Green walls not only look fabulous, they can save energy as well as pump oxygen into the air and suck out pollutants.
The most impressive green wall I have ever seen was the “vertical garden” designed by Patrick Blanc at the Branly Museum in Paris.
Considered the world’s first great green wall, it was completed in 2004, and is still a spectacular sight today with its lush, green, diverse-mix of large and small leaf plants, ranging from hostas to ferns, even the odd rodgersia and fatsia squeezed in here and there.
In Vancouver, Mike Weinmaster, owner of Green Over Grey, a company that specializes in transforming plain, ugly concrete walls into striking green garden-like exteriors, has often deliberately copied Blanc’s Branly project when it came to reworking the exterior, especially at key sites such as the 3,000 square-foot wall at Semiahmoo library in South Surrey.
Weinmaster admits he even travelled specially to France to talk to Patrick Blanc and pick his brain for inspiration and tips on how to create a terrific green wall.
As a result, the kind of striking, stylish green walls done by Green Over Grey are generally considered more European than North American in style, whichmeans they tend to be more daring, diverse and adventurous and, as a consequence, more exciting.
Green walls are not easy to do successfully. Moisture build-up, drainage and watering are all key problem areas. But when they are done well, green walls make a huge difference to a streetscape or to any boring concrete facade.
Another massively impressive green wall I saw was in the tropical Cloud Dome at Singapore’s Gardens by the Bay complex. This was a tower of lush, green, tropical foliage – a mix of colourful leaves and flowers in a stunning tapestry of plants.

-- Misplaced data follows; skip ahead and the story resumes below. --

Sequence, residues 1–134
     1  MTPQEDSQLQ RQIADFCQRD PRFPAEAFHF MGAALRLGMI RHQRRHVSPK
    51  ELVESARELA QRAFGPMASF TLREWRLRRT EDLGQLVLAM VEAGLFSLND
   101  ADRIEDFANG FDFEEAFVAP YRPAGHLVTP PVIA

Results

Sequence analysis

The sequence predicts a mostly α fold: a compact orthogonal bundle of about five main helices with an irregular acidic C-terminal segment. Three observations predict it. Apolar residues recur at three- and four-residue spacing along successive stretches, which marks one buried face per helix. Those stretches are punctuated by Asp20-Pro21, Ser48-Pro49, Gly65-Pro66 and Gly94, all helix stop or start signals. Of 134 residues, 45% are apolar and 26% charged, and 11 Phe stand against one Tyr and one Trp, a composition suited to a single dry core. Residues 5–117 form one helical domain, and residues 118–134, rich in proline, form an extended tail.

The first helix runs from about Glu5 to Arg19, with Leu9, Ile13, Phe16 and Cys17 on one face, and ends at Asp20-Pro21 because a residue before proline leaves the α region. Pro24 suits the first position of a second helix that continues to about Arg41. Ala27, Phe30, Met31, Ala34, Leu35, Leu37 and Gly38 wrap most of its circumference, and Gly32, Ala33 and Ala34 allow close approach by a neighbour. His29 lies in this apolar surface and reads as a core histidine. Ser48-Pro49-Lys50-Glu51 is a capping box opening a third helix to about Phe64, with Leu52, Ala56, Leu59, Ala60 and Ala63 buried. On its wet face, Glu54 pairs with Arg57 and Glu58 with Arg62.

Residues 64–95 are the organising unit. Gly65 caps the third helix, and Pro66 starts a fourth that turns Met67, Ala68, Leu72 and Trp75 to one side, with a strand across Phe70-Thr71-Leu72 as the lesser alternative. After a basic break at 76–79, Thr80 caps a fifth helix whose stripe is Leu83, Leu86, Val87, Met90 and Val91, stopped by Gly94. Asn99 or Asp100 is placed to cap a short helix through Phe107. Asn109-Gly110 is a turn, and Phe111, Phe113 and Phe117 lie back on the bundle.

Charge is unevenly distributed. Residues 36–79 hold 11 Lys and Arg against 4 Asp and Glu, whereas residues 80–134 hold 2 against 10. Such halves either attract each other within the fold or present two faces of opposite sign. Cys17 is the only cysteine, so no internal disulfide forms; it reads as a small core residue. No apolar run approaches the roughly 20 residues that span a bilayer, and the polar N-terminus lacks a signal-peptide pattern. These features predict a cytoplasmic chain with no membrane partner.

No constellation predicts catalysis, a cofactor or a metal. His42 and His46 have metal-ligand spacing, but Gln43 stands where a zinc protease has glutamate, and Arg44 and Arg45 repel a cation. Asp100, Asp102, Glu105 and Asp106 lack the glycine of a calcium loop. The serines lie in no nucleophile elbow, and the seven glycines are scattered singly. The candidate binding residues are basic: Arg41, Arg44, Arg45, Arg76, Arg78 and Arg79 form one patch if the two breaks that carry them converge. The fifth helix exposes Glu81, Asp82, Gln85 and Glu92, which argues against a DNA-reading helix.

Outside this done, there were giant “Supertrees” which are basically vertical gardens in a tree-shape.
In Shepherd’s Bush (White City area) of London, the immense Westfield Mall has a long, curving green wall with an elegant water course next to it.
This gives the mall a far more attractive and pleasant ambience than if the wall had been left plain grey and unadorned by plants.
The best indoor green wall I’ve seen apart from the amazing rainforest tower inside Singapore’s Cloud Dome was (believe it or not) the toilet area at Longwood Gardens in Philadelphia.
Yes, I know it sounds rather unlikely, but the walls of this washroom area are immaculately lined with lush green foliage, turning the whole area into a beautiful vertical garden. This wall is said to be the longest green wall in the world, although I think the one at Westfield would be a fair competitor.
Key benefits of green walls in a city include reduced radiant heat and an increase in oxygen, all of which enriches the environment and makes the city a more pleasantand attractive living space.
In the home garden, we can create our own living walls by putting up planters filled with succulents or lavishly planted with ferns and hostas.
For a little inspiration, here are a few other shots of impressive green walls, including walls covered by carefully espaliered pyracantha, smothered in wisteria and carpeted by Virginia Creeper.